Why Cancer Drug Maker Incyte’s Stock Plunged—And Took Others Down With It
Shares of biotech Incyte tumbled following a clinical trial setback for one of the company’s marquee experimental cancer drugs. Incyte stock dropped nearly 20% in Friday trading, wiping billions off of the firm’s market value. But the disappointing results rippled across a significant segment of the cancer drug development industry, including pharmaceutical giants Merck and Bristol-Myers Squibb (BMS).
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Incyte’s experimental treatment, epacadostat, was being tested in combination with Keytruda—Merck’s flagship, multi-billion dollar cancer immunotherapy. The former drug is a so-called “IDO1” treatment; the latter is a “PD-1” checkpoint inhibitor. The hope, particularly in the case of these two drugs, was that a two-pronged combo approach would help cancer patients live longer.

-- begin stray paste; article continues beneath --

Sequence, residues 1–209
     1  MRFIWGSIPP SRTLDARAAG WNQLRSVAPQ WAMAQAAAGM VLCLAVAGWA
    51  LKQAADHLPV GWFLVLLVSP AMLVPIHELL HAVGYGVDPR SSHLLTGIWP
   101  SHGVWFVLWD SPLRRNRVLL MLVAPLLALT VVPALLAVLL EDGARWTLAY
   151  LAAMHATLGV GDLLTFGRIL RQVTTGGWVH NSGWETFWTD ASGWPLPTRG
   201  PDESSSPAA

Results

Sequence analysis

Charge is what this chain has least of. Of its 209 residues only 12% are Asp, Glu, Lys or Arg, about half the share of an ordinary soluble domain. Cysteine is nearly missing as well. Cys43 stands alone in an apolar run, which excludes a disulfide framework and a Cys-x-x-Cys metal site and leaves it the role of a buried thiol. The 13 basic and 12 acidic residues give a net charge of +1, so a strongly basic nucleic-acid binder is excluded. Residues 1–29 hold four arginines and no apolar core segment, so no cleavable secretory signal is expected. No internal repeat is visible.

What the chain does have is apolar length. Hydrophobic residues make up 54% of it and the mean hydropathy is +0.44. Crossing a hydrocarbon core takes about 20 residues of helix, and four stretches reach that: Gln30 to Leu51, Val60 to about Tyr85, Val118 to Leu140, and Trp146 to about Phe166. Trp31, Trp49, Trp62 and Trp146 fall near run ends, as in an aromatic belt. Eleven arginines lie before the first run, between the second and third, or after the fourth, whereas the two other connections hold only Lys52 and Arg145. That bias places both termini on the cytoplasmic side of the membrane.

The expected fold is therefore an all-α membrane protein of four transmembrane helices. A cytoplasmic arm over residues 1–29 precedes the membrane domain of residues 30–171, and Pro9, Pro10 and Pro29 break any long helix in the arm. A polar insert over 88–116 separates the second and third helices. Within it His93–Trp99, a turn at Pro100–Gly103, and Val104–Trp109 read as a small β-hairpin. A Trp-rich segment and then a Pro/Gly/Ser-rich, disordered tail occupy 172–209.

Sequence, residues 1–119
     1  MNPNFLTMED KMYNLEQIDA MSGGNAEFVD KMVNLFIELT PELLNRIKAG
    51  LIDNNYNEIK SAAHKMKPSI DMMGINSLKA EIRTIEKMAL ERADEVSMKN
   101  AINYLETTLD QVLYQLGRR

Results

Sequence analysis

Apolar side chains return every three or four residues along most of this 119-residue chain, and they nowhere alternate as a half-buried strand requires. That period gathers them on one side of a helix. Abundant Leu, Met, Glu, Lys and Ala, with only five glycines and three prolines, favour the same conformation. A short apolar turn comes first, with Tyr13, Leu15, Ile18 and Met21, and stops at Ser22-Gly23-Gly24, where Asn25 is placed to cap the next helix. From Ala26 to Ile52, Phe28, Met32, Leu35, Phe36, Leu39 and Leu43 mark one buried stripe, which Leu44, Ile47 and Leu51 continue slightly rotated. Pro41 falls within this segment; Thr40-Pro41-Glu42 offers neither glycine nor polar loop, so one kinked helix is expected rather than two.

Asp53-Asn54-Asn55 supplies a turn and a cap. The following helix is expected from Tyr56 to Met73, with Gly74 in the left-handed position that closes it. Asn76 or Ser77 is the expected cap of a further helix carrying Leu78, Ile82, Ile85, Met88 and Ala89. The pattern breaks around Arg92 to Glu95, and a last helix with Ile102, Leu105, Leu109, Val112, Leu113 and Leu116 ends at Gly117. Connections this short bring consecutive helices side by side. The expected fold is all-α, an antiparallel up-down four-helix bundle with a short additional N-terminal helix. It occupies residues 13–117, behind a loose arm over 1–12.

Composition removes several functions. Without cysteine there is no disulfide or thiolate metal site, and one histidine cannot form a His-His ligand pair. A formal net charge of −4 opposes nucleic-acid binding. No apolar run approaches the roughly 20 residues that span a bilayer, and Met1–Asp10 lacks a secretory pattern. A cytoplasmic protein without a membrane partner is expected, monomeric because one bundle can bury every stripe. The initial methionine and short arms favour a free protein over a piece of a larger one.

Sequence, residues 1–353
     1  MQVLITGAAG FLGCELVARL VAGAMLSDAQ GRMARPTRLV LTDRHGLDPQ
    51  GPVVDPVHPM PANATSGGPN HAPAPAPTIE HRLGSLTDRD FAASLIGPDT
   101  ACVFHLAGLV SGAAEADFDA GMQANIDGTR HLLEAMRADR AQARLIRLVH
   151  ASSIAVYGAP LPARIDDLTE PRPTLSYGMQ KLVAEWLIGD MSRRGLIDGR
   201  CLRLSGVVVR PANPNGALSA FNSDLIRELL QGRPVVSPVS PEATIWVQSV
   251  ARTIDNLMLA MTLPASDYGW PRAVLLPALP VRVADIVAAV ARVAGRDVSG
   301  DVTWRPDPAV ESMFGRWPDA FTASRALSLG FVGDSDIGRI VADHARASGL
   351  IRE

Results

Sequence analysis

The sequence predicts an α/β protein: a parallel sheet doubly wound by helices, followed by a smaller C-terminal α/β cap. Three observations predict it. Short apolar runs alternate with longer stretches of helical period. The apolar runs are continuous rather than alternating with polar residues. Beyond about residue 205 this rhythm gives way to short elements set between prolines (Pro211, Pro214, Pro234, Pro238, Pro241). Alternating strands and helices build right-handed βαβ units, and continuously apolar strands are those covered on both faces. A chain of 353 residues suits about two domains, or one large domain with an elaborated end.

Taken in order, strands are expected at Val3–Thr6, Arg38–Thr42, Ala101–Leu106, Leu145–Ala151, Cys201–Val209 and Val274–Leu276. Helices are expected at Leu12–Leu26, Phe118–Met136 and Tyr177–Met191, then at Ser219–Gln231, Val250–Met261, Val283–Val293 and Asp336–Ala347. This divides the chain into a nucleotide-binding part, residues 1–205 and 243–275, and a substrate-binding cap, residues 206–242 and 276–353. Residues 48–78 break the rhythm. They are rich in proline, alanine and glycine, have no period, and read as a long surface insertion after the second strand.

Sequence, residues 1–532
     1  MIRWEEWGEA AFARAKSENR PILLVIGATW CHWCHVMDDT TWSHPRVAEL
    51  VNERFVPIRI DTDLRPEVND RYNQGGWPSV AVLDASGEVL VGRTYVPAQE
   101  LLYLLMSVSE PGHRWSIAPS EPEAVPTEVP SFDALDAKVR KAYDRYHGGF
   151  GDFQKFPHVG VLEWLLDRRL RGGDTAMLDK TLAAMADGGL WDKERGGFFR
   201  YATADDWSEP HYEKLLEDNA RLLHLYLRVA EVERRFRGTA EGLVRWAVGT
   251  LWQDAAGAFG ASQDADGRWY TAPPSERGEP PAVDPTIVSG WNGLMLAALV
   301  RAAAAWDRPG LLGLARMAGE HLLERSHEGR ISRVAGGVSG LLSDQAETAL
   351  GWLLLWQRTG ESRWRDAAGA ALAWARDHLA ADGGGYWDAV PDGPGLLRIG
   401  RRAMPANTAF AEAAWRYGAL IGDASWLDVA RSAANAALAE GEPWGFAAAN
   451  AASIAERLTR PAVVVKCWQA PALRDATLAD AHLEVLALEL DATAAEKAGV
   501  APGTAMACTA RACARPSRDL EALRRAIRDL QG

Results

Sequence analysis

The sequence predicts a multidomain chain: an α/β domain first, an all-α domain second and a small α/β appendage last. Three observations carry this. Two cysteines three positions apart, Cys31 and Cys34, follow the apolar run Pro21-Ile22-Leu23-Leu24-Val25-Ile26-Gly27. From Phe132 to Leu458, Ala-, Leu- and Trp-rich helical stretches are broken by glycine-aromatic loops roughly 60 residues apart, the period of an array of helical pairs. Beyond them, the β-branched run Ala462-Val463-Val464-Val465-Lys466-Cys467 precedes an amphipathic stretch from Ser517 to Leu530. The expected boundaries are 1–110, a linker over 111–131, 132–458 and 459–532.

But the late-stage clinical trial results for melanoma patients reported Friday put a big dent in those plans. It also raised questions for other biopharma companies pursuing similar cancer drug combinations (and there’s a fair number of them around). Merck stock fell 1.9% in Friday afternoon trading, for instance, while Bristol-Myers sank more than 3%; the much smaller biotech NewLink Genetics dropped more than 45%.
The disappointing results were fairly unexpected—but they do highlight the deep uncertainty that surrounds drug development, even for treatments that show early promise.